Posted in Ketogenic Life

Children in Ketosis

Spending some time doing research tonight and fell upon this incredible article on MedMerits about utilizing the ketogenic diet in the treatment of epilepsy! And oh my goodness, my data-driven personality is overflowing with happiness! This one paragraph brings home the entire article:

“The insulin to glucagon ratio is one of the main determinants of the metabolic switch from glucose oxidation and fatty acid storage to the lipolysis and ketogenesis mode. High insulin to glucagon ratio will facilitate the former, whereas the opposite will enhance the latter.”

In Layman’s terms: Higher insulin and lower glucagon will promote using glucose for fuel and fat storage. Lower insulin and higher glucagon will promote using fat for fuel and the creation of ketone bodies! HOW INCREDIBLE IS THAT?!

Dr. Dominic D’Agostino teaches the ketogenic diet via TEDx

Now what truly got me to follow the clicks to this website was its discussion of ketone bodies as they apply to children. Children have a greater capability to extract and oxidize ketones (Persson et al 1972; Dodson et al 1976). Naturally, children are able to be in ketosis more readily or consistently than a pubescent teenager can be. Why is this? HORMONES! When hormones of all types (i.e. estrogen, cortisol, testosterone, etc.) change, your body is pulled away from homeostasis and recognizes stress in the body. This stress can induce a rise in insulin, which pulls the child (fine, pre-teen) away from the ketosis that was once the metabolic mode of choice.

Besides puberty or any other pre-existing health condition the child may experience, NUTRITION (or lack thereof) is pulling our world’s children out of ketosis, especially in the United States and other civilized countries. Stores are riddled with snack food full of unhealthy carbohydrates and sugar that parents allow their children to consume regularly. Sweet treats like ice cream, cupcakes, brownies, cookies, and all kinds of other sugar-laden foods are used by many parents and teachers as a reward for a job well done or as a barter to convince the child to do what was asked of them.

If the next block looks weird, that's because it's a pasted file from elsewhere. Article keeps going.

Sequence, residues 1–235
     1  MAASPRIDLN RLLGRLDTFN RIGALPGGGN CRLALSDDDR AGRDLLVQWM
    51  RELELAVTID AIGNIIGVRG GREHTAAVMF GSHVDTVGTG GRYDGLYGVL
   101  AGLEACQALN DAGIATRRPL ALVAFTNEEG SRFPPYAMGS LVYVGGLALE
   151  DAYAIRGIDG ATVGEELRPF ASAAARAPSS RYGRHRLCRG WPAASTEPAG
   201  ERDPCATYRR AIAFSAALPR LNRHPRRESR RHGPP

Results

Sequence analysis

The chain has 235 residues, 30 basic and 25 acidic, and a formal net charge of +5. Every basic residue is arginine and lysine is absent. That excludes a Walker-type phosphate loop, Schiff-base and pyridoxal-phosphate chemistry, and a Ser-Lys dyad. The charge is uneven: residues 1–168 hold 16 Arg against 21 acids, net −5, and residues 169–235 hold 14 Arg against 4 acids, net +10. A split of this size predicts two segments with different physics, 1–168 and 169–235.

Increased glucose consumption->Increase insulin secretion->Increased childhood obesity

Now, this is WELL within our parameters of control.

Ketosis tends to be more difficult to induce in patients younger than 1 year old and older than 10 years old (Schwartz et al 1989b). This means what we feed our children between ages 1 and 10 is the MOST important metabolic time of their lives. If we teach children how to enjoy those yummy foods occasionally, they will have a healthy relationship with food. They will continue to consume ketone bodies as fuel, keeping their brains and bodies in optimal health. Integrating exogenous ketones (like the delicious orange and chocolate KETO//OS flavors!) into your child’s daily nutrition will help them EVEN MORE!

Nutritional ketosis cannot harm your child… because that’s how they operate naturally! Negative changes during their adolescence are what alter their metabolic success as they age.

I am not a doctor, and have no intent of telling you what to feed your child. However, I do know that excess sugar and inadequate nutrients in your child’s food may be the reason they are suffering with ADD, diabetes, epilepsy, obesity, among many others. So, next time you catch yourself risking your child’s health for the sake of a relationship you think might be hard to keep, please save the relationship for the sake of your child’s health.

Concerned for Their Future,

Coral J.



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